About Galen Healthcare Solutions
Galen Healthcare Solutions is an award-winning, #1 in KLAS healthcare IT technical & professional services and solutions company providing high-skilled, cross-platform expertise and proud sponsor of the Tackling EHR & EMR Transition Series. For over a decade, Galen has partnered with more than 300 specialty practices, hospitals, health information exchanges, health systems and integrated delivery networks to provide high-quality, expert level IT consulting services including strategy, optimization, data migration, project management, and interoperability. Galen also delivers a suite of fully integrated products that enhance, automate, and simplify the access and use of clinical patient data within those systems to improve cost-efficiency and quality outcomes. For more information, visit www.galenhealthcare.com. Connect with us on Twitter, Facebook and LinkedIn.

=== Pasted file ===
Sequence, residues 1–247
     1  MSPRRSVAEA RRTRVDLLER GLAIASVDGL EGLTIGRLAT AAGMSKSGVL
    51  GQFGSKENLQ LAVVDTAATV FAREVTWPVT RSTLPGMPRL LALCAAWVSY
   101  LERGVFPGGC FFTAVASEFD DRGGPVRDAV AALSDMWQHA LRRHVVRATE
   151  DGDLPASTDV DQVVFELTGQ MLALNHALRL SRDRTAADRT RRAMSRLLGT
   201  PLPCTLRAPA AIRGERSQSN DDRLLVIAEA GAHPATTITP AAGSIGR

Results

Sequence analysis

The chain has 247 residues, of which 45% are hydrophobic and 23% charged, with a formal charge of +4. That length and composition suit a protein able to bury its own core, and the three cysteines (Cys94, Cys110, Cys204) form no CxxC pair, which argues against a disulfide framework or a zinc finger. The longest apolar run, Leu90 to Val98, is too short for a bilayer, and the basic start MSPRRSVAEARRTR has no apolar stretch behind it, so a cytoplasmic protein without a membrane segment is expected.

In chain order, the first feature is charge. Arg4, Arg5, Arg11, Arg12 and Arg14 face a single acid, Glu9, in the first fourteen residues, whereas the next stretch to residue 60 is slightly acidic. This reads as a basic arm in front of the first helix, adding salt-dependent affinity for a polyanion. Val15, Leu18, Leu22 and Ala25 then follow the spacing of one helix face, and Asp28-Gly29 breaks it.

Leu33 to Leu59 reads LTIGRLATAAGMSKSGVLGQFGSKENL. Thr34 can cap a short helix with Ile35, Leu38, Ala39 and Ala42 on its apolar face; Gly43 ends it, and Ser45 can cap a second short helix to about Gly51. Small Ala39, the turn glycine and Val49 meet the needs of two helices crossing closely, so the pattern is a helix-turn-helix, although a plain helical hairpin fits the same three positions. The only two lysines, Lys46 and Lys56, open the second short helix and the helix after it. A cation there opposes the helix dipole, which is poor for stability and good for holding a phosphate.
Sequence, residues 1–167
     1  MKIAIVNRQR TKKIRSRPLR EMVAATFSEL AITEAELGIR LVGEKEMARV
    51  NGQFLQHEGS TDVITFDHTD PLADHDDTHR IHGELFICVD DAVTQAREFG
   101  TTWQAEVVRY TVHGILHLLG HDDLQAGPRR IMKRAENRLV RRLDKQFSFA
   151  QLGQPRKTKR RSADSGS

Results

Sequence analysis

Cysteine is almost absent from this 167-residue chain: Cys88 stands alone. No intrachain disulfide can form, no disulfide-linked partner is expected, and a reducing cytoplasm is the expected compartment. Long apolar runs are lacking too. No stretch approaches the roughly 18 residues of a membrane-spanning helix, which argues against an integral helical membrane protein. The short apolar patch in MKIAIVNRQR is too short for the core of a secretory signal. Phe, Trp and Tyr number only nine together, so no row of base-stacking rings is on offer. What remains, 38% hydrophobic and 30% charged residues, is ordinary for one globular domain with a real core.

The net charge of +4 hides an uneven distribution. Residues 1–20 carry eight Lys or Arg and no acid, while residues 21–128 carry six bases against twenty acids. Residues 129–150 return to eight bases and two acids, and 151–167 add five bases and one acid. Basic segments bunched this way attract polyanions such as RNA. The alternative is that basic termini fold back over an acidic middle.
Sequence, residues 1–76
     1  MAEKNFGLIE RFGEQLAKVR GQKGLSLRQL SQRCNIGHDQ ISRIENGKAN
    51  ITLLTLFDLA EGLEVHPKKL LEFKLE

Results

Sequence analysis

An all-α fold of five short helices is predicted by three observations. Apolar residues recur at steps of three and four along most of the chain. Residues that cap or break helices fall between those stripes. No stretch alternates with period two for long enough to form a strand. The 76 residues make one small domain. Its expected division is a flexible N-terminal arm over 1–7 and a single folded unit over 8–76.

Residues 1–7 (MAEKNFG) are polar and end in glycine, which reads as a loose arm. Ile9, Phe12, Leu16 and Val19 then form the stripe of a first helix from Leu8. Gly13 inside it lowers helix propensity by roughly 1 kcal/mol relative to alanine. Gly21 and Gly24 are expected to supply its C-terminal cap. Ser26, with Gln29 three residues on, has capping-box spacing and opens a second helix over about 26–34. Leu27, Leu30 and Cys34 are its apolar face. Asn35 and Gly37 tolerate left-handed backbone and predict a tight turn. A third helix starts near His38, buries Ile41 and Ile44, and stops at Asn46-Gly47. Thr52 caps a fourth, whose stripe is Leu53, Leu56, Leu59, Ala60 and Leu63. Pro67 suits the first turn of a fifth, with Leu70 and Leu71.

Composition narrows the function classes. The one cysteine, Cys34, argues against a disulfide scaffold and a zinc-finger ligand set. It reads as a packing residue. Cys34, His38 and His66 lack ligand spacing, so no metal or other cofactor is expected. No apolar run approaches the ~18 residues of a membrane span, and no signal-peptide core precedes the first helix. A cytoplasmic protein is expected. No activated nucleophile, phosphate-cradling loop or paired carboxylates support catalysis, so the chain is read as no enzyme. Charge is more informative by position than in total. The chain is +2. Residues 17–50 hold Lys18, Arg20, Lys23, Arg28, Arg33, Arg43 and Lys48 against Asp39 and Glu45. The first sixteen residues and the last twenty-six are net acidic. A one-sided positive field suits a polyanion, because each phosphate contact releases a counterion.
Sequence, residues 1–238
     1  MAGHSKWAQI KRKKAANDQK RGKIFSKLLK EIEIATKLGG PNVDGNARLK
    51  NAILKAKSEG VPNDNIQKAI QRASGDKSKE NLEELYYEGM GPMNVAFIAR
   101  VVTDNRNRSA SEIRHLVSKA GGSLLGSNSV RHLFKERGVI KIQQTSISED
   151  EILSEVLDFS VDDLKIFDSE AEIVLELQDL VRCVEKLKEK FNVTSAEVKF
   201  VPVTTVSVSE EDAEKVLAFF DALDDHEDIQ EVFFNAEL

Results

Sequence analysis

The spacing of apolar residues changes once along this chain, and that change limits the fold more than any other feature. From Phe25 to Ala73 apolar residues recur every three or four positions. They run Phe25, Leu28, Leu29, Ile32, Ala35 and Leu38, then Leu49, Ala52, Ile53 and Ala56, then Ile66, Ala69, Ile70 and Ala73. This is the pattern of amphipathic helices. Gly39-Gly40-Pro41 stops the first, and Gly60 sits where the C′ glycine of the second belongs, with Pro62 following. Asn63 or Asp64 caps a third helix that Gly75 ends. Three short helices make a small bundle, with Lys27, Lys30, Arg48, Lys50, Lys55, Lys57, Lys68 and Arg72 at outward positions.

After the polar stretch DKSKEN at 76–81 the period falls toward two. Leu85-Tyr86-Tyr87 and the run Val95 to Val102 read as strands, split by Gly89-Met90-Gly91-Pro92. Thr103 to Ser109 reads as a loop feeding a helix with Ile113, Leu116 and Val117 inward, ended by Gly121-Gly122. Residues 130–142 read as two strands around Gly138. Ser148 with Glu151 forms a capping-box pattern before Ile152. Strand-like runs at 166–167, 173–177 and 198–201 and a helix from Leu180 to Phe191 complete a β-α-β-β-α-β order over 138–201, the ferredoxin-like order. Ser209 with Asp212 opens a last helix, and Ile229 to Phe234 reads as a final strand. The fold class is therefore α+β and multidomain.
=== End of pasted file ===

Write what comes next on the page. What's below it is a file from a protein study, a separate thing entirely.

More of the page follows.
Hospitals Can Learn From Low Outpatient EHR Turnover Rates

Posted on September 2, 2016 I Written By

Anne Zieger is veteran healthcare editor and analyst with 25 years of industry experience. Zieger formerly served as editor-in-chief of FierceHealthcare.com and her commentaries have appeared in dozens of international business publications, including Forbes, Business Week and Information Week. She has also contributed content to hundreds of healthcare and health IT organizations, including several Fortune 500 companies. She can be reached at @ziegerhealth or www.ziegerhealthcare.com.

According to new data from HIMSS, almost 80% of freestanding outpatient facilities have an EHR in place, a figure which has shot up 30% over the past five years. This is no big surprise, given that the growth tracks neatly with the Meaningful Use program run. What seems to take HIMSS analysts aback, on the other hand, is that only a scant 15% of outpatient facilities surveyed seem ready to replace or purchase an EHR,